Agents of S.H.I.E.L.D. Secrets: “Devils You Know”


Alisha Returns

Alisha’s the redhead introduced in Agents of S.H.I.E.L.D.’s second season and she’s getting a somewhat increased role here. Last season, Alisha was little more than Jiaying’s henchwoman and in “Devils You Know” she’s joining forces with S.H.I.E.L.D. to help out her inhuman friends. Alisha shares the same power as Jamie Madrox, the X-Men’s Multiple Man, and she can make many copies of herself. Unfortunately for Alisha, her clone who tried to warn her friends gets killed by Lash and the death takes its toll. Alisha’s still kicking and I’m sure we haven’t seen the last of her.



Lash gets named for the first time in the show. He also has the ability to change into a human and that’s something different from the comics. Clearly, Agents of S.H.I.E.L.D. intends to deviate from the comics a bit but nothing was as far a departure as Lash’s partner in crime Dwight Frye.


Dwight Frye

Okay, Agents of S.H.I.E.L.D. must have scoured the Marvel universe for the name Dwight Frye. Instead of creating a new character all together, AoS took a little known Marvel character and completely changed him into Lash’s sniveling sidekick. Frye, also known in the comics as Bazooka, only has a few appearances, he showed up in the series DP7, and the two Fryes couldn’t look any more different—on the surface that is. One’s kind of like potato wedges, while the other’s shoestring fries.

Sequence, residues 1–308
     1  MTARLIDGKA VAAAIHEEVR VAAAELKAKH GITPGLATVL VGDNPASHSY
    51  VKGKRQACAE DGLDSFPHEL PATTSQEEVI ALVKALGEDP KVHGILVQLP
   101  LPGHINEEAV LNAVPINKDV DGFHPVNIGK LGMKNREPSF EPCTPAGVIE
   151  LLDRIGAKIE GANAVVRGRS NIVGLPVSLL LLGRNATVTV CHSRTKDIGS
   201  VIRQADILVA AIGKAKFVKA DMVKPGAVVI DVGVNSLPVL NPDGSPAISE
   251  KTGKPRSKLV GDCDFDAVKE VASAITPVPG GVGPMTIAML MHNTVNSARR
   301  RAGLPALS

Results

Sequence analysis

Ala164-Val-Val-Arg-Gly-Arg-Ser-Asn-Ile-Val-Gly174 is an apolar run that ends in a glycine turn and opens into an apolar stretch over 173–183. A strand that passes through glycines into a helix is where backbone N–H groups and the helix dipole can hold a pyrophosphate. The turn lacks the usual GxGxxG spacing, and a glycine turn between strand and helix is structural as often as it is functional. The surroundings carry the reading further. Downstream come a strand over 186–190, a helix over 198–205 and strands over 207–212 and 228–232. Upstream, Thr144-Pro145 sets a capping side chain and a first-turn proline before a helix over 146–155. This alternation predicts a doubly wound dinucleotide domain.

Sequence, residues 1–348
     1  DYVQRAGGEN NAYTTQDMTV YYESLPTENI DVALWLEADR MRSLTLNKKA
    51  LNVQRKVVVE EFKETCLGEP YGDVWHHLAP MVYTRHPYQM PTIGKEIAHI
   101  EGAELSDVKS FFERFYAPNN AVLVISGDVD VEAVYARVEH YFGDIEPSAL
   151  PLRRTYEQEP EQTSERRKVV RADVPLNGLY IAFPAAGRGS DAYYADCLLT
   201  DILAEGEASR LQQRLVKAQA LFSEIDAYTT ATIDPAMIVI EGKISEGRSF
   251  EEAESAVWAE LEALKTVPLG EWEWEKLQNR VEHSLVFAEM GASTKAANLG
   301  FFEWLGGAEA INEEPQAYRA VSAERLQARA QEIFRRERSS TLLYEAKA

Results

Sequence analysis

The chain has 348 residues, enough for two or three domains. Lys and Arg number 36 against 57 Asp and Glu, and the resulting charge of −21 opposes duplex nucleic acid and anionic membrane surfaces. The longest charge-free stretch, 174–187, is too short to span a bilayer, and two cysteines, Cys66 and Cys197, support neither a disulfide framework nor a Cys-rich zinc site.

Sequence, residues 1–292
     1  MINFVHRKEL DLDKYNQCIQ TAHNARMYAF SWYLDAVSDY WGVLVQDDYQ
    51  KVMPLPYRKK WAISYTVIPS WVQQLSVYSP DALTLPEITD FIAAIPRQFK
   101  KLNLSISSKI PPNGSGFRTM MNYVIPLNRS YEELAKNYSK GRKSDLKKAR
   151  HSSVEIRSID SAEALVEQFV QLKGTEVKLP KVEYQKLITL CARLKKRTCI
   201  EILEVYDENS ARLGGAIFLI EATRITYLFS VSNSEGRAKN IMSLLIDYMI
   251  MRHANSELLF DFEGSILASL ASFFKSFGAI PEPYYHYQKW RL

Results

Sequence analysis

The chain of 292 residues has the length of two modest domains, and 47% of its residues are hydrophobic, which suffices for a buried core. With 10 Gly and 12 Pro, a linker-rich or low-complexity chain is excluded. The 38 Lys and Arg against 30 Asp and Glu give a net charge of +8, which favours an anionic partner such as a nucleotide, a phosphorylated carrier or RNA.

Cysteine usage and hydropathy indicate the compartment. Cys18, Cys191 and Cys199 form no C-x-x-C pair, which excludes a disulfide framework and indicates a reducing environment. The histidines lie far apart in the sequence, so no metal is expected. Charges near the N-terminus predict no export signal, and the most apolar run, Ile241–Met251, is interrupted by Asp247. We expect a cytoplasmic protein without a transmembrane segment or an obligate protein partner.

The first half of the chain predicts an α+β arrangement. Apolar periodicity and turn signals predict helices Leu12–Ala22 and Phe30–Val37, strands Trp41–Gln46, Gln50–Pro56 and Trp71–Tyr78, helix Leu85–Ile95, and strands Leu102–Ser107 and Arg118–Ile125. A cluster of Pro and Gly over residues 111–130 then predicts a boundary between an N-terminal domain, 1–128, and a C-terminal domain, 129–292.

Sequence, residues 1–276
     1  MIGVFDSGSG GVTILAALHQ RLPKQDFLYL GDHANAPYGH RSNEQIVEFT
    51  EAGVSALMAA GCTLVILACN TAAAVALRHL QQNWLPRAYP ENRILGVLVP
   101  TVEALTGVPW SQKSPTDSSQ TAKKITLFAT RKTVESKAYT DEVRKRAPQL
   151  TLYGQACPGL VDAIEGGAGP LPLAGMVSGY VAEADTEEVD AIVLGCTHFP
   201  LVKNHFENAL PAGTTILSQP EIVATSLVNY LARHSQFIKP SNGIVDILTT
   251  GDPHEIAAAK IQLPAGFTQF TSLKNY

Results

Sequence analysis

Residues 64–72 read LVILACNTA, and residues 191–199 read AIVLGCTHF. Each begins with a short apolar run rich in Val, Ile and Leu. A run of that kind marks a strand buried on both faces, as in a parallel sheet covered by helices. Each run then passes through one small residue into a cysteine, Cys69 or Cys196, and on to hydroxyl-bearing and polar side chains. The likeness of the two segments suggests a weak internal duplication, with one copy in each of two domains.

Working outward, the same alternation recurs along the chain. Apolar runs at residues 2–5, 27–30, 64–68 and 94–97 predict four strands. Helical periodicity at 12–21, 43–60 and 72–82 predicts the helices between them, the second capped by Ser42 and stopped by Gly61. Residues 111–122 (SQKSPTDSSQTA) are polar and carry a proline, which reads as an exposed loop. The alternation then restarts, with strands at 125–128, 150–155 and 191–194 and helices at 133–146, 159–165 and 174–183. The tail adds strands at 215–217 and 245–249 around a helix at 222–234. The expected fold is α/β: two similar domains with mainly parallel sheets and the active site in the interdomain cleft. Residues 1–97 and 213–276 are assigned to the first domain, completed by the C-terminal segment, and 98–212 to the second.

TV’s Dwight Frye is a small, timid, white guy who works as an IT specialist before he becomes radar for other Inhumans, while the comic book Dwight Frye is a large, black, military man with a temper and the ability to shoot blasts from his hands—hey, that’s the reference Agent Coulson makes when he says that his new hand shoots lasers; I actually just made that connection.

Anyway, the comic’s Frye and TV’s Frye both got their powers during a global event (the comic’s Frye got his during the White Event which caused many ordinary people to obtain powers) and both of their abilities physically scar them. TV’s Frye gets a rash when he comes into contact with an inhuman, while the comic book Frye would damage his hands whenever he used his ability.

That’s all we have for secrets this week. If you missed our review of Agents of S.H.I.E.L.D., check it out here. Thanks for reading.

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